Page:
Change needed now to see the future
Published on December 3rd, 2017
Olympic gold medalist Martine Grael is a rookie on the 2017-18 Volvo Ocean Race, so the first two legs as crew on team AkzoNobel has exposed the Brazilian to some of the good and bad that our oceans offer.
“We’ve seen a lot of wildlife on the first two legs, particularly around the coast of Spain and Portugal,” she explains. “It’s amazing – a lot of whales, dolphins, and monkfish. Unfortunately, we also saw a lot of plastic. Even just from a performance point of view, you have to keep an eye on it – we hit a lot of it, and got it caught on the keel.
“I don’t think I went through a single watch without seeing it – even as we raced really south. It was really surprising, and if you see that in the middle of nowhere, imagine what it’s like on the current circles where trash collects.”
Martine knows all about the extent of the plastic problem in our oceans. Not just a world-class sailor, she hails from a family of sailors (her father, Volvo Ocean Race legend Torben is Brazil’s most successful ever Olympian, whilst her brother Marco and uncle Lars have also raced in the Games).
But it’s her mum – an ecologist – who she says sparked her passion for marine wildlife and conservation.
“My mum is a vet, and she’s very used to dealing with marine wildlife and birds as well,” Martine explains. “She has great experience in that area, and does a lot of environmental education back home, so the problem with plastic is something that we always talk about.
“One of the biggest issues for the turtles is that they normally eat jellyfish, so it’s easy to confuse plastic bags for food. My mum has done a lot of biopsies of turtles and marine wildlife – it’s a bit gross to see, but very interesting, because you see a lot of plastic in their stomachs.
“The problem is that once they’ve ingested plastic, they often can’t eat anything else, so they starve.
“As an athlete and a role model, I do feel a responsibility. I’ve noticed that the thing you see a lot is that the people who don’t have contact with nature, don’t tend to care so much. I think it’s a matter of education, and if there’s something I can do to help, then I’ll do it.”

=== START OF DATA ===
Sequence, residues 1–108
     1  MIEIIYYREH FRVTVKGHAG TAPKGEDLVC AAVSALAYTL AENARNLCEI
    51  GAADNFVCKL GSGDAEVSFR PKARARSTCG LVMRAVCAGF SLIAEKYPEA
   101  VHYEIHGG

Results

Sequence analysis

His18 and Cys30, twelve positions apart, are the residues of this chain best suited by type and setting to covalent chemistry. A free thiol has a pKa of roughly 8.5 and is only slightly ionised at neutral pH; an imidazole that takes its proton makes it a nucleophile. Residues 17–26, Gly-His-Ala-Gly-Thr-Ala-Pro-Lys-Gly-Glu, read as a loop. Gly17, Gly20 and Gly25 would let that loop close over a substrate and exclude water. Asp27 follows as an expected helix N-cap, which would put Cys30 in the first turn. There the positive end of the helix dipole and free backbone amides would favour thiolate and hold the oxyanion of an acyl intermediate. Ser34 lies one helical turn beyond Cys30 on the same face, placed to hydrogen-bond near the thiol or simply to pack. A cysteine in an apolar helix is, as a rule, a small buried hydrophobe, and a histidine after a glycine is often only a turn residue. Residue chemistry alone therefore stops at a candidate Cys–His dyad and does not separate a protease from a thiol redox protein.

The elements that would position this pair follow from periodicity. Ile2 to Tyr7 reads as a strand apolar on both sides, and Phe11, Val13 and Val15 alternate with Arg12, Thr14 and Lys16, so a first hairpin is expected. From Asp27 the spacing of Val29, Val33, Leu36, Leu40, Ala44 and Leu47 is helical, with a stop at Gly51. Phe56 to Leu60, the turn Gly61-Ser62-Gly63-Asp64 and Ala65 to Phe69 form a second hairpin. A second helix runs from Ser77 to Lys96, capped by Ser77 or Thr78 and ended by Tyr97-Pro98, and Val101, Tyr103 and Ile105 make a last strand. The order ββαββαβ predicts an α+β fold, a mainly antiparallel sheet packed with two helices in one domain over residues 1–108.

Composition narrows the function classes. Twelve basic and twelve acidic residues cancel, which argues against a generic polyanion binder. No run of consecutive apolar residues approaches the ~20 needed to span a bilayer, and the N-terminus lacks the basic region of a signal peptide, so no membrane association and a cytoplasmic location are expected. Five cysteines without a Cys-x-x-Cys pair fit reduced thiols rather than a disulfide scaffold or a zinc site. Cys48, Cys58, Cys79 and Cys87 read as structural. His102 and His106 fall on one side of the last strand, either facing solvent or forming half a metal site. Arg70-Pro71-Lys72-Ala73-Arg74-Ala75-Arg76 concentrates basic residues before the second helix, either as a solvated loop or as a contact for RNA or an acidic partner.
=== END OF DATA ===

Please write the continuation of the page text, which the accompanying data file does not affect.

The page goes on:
“We all want to turn the tide on plastic and encourage people to use more reusable materials, but at the same time we’re all using a lot of it. It’s so hard to see all the plastic that is used, because you know that most of it isn’t going to end up in the right place – and, I mean, what is the right place for plastic? Even if it goes into landfill, there’s still a big problem.”
She adds: “Events like the Volvo Ocean Race have a big footprint, but it’s good that the Race organisers are trying to do a better job and build awareness.
“I really want people to change their ways of living, because we need to change. We’re in a part of history where we do need to change to be able to see the future.”
Overall Results (after 2 of 11 legs)
1. MAPFRE (ESP), Xabi Fernández (ESP), 14 points
2. Vestas 11th Hour Racing (DEN/USA), Charlie Enright (USA), 13
3. Dongfeng Race Team (CHN), Charles Caudrelier (FRA), 11
4. Team AkzoNobel (NED), Simeon Tienpont (NED), 7
5. Team Brunel (NED), Bouwe Bekking (NED), 6
6. Team Sun Hung Kai/Scallywag (HKG), David Witt (AUS), 5
7. Turn the Tide on Plastic (POR), Dee Caffari (GBR), 2
The next In-Port Race is December 8 in Cape Town, South Africa with the third leg starting December 10 for the 6500 nm course to Melbourne, Australia.
2017-18 Edition: Entered Teams – Skippers
• Team AkzoNobel (NED), Simeon Tienpont (NED)
• Dongfeng Race Team (CHN), Charles Caudrelier (FRA)
• MAPFRE (ESP), Xabi Fernández (ESP)
• Vestas 11th Hour Racing (DEN/USA), Charlie Enright (USA)
• Team Sun Hung Kai/Scallywag (HKG), David Witt (AUS)
• Turn the Tide on Plastic (POR), Dee Caffari (GBR)
• Team Brunel (NED), Bouwe Bekking (NED)
Background: Racing the one design Volvo Ocean 65, the 2017-18 Volvo Ocean Race begins in Alicante, Spain on October 22 2017 with the final finish in The Hague, Netherlands on June 30 2018. In total, the 11-leg race will visit 12 cities in six continents: Alicante, Lisbon, Cape Town, Melbourne, Hong Kong, Guangzhou, Auckland, Itajaí, Newport, Cardiff, Gothenburg, and The Hague. A maximum of eight teams will compete.
Source: Volvo Ocean Race